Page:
Making the grade

During my time as a College Scouting Director, I was part of the College Underclassmen Advisory Committee for a number of years. As underclassmen are always going to be a big part of every draft, taking part in the actions of the committee was always a fun and rewarding process.

During this past off season, the NFL made some changes in the power structure at the League office. Former NFL player Troy Vincent was named Executive Vice President of Football Operations. With a new leader on board, changes will always be made. In talking to some of my friends around the league, I have been able to find out what changes have been made in regards to the College Underclassmen Advisory Committee. The changes are slight, with the main difference being on how the player is presented a grade.

The Old System

When I was part of the committee, each college could submit as many names as they wanted to be evaluated as to where a prospect MAY go in the upcoming draft. I emphasize “may” because then and now, it is an incomplete evaluation.

Why is the evaluation incomplete? The evaluation is made based on tape study, and there are important parts of the evaluation process that are left out. A player receives his grade form the committee based purely on talent. He is also getting that grade months before the draft. In the five month period between the end of the college regular season and the draft, much work is done. Much of that work includes in-depth character analysis, medical reviews, and of course, the combine and individual workouts.

When the committee made an evaluation, it was usually in December or early January and was based off of the current year's tape. The committee has no access to injury information, character information, interview results and verified measurables. All of that criteria is important data that goes into the making of a final grade. In other words, the grade is a best-case guesstimate.

After being evaluated by at least six clubs, the player would receive a consensus grade of those six clubs. While there were always slight changes made from year to year, the grade the player received from the committee went something like this:

"You have the ability to be drafted as high as the first round. You have the ability to be drafted as high as the second round or you have the ability to be drafted as high as the third round"

Or "You have the ability to be drafted somewhere in rounds four through seven" or lastly “You most likely won’t be drafted”.

While the grades the Committee gave out were fairly close, they weren’t entirely accurate mainly because of the lack of information I referred to above. It was a good, but imperfect system.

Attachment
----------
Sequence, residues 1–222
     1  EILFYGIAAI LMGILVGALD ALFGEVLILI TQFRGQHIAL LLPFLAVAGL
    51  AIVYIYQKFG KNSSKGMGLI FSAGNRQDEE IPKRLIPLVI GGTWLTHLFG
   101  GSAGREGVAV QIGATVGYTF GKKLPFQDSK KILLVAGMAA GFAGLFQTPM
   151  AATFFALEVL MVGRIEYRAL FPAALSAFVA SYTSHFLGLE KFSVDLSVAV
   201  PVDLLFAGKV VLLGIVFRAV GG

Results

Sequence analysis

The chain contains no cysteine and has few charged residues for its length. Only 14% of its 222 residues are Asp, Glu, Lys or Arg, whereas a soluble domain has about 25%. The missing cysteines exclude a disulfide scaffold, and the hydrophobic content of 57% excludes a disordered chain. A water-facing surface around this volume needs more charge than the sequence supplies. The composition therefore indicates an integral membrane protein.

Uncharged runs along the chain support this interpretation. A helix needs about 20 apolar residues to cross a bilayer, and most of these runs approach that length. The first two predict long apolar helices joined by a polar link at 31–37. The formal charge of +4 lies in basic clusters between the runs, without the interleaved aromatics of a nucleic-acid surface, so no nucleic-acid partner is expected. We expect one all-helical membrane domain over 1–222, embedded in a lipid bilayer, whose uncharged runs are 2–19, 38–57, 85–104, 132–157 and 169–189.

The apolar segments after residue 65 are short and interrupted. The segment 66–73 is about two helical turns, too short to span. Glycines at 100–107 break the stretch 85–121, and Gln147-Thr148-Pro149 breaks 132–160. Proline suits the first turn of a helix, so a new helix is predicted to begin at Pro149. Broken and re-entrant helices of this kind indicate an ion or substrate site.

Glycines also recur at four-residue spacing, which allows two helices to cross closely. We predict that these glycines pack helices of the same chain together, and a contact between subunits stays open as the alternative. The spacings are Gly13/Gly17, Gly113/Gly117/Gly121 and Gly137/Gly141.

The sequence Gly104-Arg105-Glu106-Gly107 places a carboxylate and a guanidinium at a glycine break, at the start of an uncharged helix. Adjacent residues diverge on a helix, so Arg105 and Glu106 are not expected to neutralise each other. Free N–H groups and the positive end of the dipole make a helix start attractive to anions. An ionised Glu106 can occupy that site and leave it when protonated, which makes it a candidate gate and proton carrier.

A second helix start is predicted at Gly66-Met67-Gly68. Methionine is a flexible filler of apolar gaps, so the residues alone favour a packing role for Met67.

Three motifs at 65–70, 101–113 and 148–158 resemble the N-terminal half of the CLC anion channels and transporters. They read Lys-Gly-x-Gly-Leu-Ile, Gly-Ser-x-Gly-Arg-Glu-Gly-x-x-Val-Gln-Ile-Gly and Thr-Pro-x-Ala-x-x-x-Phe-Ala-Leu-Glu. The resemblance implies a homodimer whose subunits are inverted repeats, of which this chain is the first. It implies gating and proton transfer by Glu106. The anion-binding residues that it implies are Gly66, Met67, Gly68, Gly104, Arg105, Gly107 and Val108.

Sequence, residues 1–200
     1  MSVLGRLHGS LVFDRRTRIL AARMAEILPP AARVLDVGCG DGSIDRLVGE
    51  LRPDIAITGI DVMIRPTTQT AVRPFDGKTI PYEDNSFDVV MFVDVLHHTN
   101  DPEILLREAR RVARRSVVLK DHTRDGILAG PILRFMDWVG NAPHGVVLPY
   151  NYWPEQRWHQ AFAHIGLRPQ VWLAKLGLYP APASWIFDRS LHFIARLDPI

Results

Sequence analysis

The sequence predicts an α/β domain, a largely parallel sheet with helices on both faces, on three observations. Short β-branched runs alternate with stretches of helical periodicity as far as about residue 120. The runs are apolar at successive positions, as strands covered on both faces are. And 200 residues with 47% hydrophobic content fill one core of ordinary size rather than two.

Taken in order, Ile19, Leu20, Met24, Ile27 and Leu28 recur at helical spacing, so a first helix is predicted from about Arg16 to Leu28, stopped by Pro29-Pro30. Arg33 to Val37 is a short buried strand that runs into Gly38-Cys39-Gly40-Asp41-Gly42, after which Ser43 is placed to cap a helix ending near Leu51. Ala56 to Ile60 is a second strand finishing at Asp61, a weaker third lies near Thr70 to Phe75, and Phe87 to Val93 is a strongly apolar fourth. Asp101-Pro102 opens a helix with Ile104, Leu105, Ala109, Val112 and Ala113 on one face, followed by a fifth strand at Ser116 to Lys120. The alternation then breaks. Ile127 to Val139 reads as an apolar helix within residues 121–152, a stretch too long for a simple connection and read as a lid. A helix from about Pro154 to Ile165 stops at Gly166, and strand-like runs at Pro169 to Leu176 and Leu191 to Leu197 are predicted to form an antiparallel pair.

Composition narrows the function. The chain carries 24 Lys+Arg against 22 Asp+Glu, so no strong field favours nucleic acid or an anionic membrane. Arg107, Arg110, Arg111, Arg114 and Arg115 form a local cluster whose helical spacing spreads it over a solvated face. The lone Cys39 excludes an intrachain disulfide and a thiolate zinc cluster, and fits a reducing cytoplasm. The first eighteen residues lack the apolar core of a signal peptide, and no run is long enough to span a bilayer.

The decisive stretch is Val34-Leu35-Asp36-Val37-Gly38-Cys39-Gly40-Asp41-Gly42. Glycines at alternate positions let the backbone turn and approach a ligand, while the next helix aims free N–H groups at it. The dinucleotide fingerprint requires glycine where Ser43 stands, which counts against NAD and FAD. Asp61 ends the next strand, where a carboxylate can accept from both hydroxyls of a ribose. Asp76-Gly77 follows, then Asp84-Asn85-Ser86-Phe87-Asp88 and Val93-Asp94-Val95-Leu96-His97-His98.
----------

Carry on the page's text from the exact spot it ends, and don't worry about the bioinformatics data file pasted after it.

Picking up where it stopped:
The New System

The main changes made in the evaluation system may seem minor, but they aren’t. The first change is that each school can turn in no more than five names to the league for evaluation. Once the league receives the names, the league still has about six clubs do an evaluation on a player.

Each club doing an evaluation turns in a round grade to the league. The grade the league gives the players is different this year. Each player can receive one of three grades. The first is “You have the ability to be drafted as high as the first round”. The second is “you have the ability to be drafted as high as the second round”. The last grade isn’t a grade. If the committee doesn’t feel the player will get drafted in either the first or second round, it tells the player “stay in school”.

The reason for the changes is that, last year, over 100 players with eligibility left decided to enter the draft. The number of underclassmen coming out has risen dramatically in the last few years. You used to be able to count on 45 to 50 new names with about 35 of those names being “real” players. Then, in about a three-year span, the numbers more than doubled. The league would like the number to go back to 50 or so players.

Part of the reason so many college players are leaving early is the new CBA. Under the new CBA, there is a much tighter rookie salary cap. The huge first round contracts of five and six years ago are no longer there. What agents are telling prospective players, is that they are better coming out now and getting a jump on the second contract. The second contract is where they will really make money. What the agents don’t tell the kids is that they have to have the talent get that second contract. In the real world, that is seldom the case.

Going Forward

While I feel that the new way the Committee is doing business can be beneficial, more still has to be done. The college players have to be better educated on the process. Right now, the players listen to agents and people like Mel Kiper to get their information. While Mel is excellent at what he does, he is not a real scout. He is an ESPN analyst. If you watch his grades, there is usually a huge change from how he has a player “graded” in August or September to March. As he gets more information from people around the league, he changes his grade. Just use last year as an example. At this time a year ago the “experts” all had Teddy Bridgewater as the consensus first overall pick. He ended up going 32nd. While the draftniks were high on Bridgewater, the “real” evaluators weren’t.

What I’m saying is, the last people college players should be asking about their draft status is the network analysts. What the league needs to do is start the evaluation process of underclassmen earlier and go to the major schools and educate the players on how the process really works. The process can’t be started in December and then hurried through to give the prospect a grade. It needs to be started in July or August and the league needs to start visiting schools when fall camps open. I guarantee that the extra time and effort will dramatically lower the number of underclass players who enter the draft.

Follow Greg on Twitter @greggabe